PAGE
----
Helpful bash shortcuts
Unfortunately, Mario and Koopa Troopas have nothing to do with this post. Other than it was the first image hit when I Google Image Searched for, “Shell Tricks”.

I’ve been using Linux for nearly a decade. Typically, that means an Ubuntu server with a Bash shell. During this time, more than a handful of Bash shortcuts have presented themselves to me. Therefore, I thought it prudent to keep a running list, as much for my own benefit as that of anyone else.

What is a shell?

Most Unix systems provide the same basic utilities for working at the shell prompt. The syntax used for writing shell commands is standardized. By this, I mean re-directions, pipes, background processes, variables assignments, quoting, and so on. The standard is called POSIX, which I believe was first standardized 32 years ago by the IEEE. The current edition is here: (see the “Shell & Utilities” section, there doesn’t seem to be a great way to link directly to it).

On most Unix systems, the POSIX standard is at least observed, but may oftentimes be extended. In particular, the shell itself is often extended to give a more convenient interactive experience, or to be able to provide more advanced shell programming facilities.

Just as you might find many different shells on the beach, you’ll find many different shells to work in. After all, they are “just” applications. bash is the default on Debian / Ubuntu, (and I also believe MacOS), which makes it the hands down winner in my book. Curious what shell code looks like? Here’s the bash git repository page:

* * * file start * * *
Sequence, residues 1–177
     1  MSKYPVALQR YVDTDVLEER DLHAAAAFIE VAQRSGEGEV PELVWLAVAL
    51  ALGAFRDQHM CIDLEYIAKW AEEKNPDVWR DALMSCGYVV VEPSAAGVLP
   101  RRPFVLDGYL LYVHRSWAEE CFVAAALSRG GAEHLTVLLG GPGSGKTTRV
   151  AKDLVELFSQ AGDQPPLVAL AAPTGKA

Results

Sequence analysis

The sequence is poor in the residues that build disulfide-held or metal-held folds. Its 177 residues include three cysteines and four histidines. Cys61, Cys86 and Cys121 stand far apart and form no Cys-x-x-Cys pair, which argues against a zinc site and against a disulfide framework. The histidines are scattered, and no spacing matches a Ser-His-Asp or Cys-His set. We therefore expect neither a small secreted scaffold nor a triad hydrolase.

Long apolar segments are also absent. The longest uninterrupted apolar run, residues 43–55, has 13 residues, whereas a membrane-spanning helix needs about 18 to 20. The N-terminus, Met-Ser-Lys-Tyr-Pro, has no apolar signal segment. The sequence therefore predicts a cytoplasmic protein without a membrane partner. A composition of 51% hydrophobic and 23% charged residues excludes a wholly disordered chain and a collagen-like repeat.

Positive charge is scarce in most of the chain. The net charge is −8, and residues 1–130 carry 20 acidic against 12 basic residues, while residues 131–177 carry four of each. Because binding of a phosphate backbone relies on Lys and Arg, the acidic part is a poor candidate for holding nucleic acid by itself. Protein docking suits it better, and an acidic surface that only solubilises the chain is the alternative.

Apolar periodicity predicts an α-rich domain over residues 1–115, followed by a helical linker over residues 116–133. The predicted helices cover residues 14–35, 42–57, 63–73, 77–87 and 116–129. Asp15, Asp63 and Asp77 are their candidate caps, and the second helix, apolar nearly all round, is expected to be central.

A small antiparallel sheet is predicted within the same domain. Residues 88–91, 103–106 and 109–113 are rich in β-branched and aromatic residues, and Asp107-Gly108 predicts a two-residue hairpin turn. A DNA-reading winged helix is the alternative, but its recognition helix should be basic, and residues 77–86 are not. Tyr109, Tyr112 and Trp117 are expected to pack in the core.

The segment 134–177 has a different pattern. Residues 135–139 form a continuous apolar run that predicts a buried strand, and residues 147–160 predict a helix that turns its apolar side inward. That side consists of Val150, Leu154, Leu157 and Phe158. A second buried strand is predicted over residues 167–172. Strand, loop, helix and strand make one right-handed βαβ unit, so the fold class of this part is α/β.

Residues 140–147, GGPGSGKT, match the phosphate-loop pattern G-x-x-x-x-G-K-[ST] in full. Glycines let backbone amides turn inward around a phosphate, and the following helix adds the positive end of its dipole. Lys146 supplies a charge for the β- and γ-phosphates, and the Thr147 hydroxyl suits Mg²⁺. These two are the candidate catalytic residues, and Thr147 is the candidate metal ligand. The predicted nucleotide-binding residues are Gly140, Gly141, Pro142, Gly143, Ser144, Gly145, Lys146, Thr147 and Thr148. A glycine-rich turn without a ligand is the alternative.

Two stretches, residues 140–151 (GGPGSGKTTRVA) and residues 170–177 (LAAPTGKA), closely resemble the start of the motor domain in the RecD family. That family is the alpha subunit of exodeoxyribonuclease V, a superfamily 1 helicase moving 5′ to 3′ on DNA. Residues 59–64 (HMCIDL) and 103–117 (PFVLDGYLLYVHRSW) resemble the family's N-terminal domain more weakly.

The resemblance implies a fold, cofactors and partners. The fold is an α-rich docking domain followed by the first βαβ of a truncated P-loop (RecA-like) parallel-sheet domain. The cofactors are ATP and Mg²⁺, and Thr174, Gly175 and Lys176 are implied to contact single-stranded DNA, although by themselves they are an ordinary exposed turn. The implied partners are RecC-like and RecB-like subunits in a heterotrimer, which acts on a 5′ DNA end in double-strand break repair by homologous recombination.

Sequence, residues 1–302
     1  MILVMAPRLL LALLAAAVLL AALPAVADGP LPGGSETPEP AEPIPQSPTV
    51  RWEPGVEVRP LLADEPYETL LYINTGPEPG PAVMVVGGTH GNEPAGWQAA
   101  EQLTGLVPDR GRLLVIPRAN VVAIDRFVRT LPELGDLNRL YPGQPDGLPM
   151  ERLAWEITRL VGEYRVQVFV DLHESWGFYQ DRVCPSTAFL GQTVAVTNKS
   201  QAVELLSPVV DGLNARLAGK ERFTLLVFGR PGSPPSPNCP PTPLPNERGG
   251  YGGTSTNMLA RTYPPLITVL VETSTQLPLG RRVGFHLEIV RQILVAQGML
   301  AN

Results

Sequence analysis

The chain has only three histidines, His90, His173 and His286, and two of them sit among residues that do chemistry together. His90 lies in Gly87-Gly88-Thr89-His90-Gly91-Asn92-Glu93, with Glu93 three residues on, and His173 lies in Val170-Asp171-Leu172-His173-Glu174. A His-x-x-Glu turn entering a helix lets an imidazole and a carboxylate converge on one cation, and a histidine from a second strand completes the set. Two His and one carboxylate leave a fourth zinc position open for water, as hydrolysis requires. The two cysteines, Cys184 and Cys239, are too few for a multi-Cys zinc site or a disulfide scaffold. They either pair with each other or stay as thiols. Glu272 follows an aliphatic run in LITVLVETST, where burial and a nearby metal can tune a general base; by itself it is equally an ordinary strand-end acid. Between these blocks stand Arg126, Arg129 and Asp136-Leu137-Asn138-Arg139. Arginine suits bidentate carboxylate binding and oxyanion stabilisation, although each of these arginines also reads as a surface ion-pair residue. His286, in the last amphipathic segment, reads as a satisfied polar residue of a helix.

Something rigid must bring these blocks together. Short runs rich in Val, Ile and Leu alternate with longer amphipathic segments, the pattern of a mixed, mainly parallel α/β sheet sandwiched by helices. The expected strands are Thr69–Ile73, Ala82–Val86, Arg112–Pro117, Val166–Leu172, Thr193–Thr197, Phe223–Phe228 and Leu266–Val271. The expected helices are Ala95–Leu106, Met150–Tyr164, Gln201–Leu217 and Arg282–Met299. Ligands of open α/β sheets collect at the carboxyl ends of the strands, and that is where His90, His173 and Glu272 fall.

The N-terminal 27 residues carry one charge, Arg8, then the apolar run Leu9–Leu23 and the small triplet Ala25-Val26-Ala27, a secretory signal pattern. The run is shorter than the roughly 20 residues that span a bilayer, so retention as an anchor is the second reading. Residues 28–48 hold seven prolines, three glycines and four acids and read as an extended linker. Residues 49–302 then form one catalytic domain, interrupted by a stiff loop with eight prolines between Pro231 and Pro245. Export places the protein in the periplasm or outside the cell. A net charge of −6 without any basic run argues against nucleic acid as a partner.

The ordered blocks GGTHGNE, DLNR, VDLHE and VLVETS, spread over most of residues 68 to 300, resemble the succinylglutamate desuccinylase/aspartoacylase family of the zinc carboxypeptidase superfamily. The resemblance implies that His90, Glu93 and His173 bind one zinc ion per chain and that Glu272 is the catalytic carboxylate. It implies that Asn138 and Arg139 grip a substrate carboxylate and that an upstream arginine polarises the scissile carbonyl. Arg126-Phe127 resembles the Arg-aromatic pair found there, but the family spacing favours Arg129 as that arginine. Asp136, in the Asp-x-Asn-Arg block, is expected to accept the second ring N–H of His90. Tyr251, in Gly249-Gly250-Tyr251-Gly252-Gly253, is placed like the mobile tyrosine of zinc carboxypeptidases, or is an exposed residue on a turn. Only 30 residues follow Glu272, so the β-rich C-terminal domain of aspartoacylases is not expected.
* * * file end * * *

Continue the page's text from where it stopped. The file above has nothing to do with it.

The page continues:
The shortcuts below are quite helpful in my day to day, but I can’t confirm that they work on other shells (such as, zsh or ksh). In addition, it is doubtful that this list is complete. However, I will do my best to keep it up to date with my discoveries.

Cursor Control Shortcuts in Bash

  • CTRL+A or Home – Move the cursor to the start of the line
  • CTRL+E or End – Move to the end of the line
  • CTRL+B or Left Arrow – Move back one character
  • CTRL+F or Right Arrow – Move forward one character
  • CTRL+Left Arrow or ALT+B or Esc and then B – Move back one word at a time
  • CTRL+Right Arrow or ALT+C or Esc and then F – Move forward one word at a time

Screen Controls Shortcuts in Bash

  • CTRL+L or type clear – Clean up the screen
  • CTRL+S – Pause the screen. Useful if the screen is scrolling long output
  • CTRL+Q – Resume the screen after a pause (CTRL+S)

Search Bash History

  • CTRL+P or Up Arrow – Recall previous command (cycle through CLI history)
  • CTRL+N or Down Arrow – Move to a more recent command (reverse cycle through CLI history)
  • CTRL+R – Reverse search. After starting a reverse search, type the characters unique to your command
  • CTRL+S – Forward search through bash history
  • CTRL+G – Quit the reverse or forward search

Delete Text in Bash

  • Backspace – Delete text behind the cursor
  • CTRL+X then Backspace – Delete ALL text behind the cursor
  • CTRL+K – Remove all text from the cursor to the END of the line

Managing Linux Processes

  • CTRL+Z – Suspend the current process that is running in the foreground. This key combination produces a SIGTSTP signal to the process.
  • Type fg – Brings a process back to the foreground (after suspending it with CTRL+Z)
  • CTRL+C – Interrupt the current process.
  • CTRL+\ – Produces a SIGQUIT signal, and causes the current process to terminate and core dump. This is especially useful when CTRL+C is unresponsive.

Bang Commands

  • !! – Execute last command
  • !pyth – Execute the most recent command that starts with pyth
  • !pyth:p – Display the command that !top would run, and places it at the top of the history
  • !$ – Execute the last word of the last command. For example, if you typed, vim then issuing python3 !$ will attempt to execute with Python.
  • !$:p – Display the word that !$ would execute
  • !* – Display the last word of the previous command
  • !:*p – Display the last word that !* would substitute

Getting Bash help

To find any kind of general help with Bash issue man bash

Links & References